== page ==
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International arbitration has developed into a global system of adjudication, dealing with disputes arising from a variety of legal relationships: between states, between private commercial actors, and between private and public entities. It operates to a large extent according to its own rules and dynamics - a transnational justice system rather independent of domestic and international law. In response to its growing importance and use by disputing parties, international arbitration has become increasingly institutionalized, professionalized, and judicialized. At the same time, it has gained significance beyond specific disputes and indeed contributes to the shaping of law. Arbitrators have therefore become not only adjudicators, but transnational lawmakers. This has raised concerns over the legitimacy of international arbitration.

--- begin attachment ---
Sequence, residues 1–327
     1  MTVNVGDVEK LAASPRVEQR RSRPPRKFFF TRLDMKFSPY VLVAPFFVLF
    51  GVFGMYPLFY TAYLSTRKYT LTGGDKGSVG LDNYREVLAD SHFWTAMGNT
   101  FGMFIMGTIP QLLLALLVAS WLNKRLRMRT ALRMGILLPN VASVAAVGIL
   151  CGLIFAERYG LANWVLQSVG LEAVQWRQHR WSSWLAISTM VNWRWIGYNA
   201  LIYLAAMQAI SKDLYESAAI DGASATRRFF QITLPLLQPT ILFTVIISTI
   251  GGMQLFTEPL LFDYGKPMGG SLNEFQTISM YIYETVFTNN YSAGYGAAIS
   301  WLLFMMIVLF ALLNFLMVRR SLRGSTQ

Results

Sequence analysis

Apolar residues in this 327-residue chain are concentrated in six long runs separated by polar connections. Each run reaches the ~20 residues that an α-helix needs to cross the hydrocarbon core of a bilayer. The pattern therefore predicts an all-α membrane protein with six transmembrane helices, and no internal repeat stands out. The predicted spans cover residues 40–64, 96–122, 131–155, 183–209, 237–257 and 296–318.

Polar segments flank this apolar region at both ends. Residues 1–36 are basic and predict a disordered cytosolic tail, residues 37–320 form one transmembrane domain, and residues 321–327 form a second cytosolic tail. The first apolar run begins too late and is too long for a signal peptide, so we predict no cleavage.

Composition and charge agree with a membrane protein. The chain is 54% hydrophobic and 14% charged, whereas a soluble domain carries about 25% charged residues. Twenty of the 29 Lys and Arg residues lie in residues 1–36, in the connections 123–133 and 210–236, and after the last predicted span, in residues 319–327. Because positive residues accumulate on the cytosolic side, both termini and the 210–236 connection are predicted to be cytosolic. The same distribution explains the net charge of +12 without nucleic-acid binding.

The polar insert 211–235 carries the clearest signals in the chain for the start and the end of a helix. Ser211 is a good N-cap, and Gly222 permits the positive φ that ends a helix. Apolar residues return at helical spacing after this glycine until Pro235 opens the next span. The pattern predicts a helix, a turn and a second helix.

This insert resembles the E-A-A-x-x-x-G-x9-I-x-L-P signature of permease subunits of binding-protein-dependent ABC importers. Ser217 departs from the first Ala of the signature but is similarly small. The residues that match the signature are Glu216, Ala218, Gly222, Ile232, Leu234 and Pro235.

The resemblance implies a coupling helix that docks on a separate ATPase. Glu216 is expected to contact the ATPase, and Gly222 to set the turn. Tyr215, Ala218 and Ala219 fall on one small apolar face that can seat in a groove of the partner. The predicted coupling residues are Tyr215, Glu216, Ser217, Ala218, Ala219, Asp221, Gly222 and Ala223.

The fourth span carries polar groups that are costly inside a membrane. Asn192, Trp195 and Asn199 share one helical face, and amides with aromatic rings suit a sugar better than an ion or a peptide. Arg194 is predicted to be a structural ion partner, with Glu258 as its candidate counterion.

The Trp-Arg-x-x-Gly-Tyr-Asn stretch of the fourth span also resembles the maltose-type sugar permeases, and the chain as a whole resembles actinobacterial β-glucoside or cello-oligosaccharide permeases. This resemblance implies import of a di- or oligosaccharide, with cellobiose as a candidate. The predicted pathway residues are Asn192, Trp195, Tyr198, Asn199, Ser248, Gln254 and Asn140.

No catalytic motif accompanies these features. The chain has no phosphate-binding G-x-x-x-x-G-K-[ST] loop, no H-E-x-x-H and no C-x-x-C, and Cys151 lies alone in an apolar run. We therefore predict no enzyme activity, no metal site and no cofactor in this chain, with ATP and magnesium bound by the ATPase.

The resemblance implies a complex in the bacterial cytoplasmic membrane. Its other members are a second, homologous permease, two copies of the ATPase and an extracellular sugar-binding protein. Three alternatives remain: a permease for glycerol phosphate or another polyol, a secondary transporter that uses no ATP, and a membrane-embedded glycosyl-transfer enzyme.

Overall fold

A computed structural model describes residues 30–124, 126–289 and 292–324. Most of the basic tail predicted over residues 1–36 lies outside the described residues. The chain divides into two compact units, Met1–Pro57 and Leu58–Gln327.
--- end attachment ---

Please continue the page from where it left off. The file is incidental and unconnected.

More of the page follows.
Practising Virtue looks at international arbitration from the 'inside', with an emphasis on its transnational character. Instead of concentrating on the national and international law governing international arbitration, it focuses on those who practise international arbitration, in order to understand how it actually works, what its sources of authority are, and what demands of legitimacy it must meet. Putting those who practise arbitration into the centre of the system of international arbitration allows us to appreciate the way in which they contribute to the development of the law they apply. This book invites eminent arbitrators to reflect on the actual practice of international arbitration, and its contribution to the transnational justice system.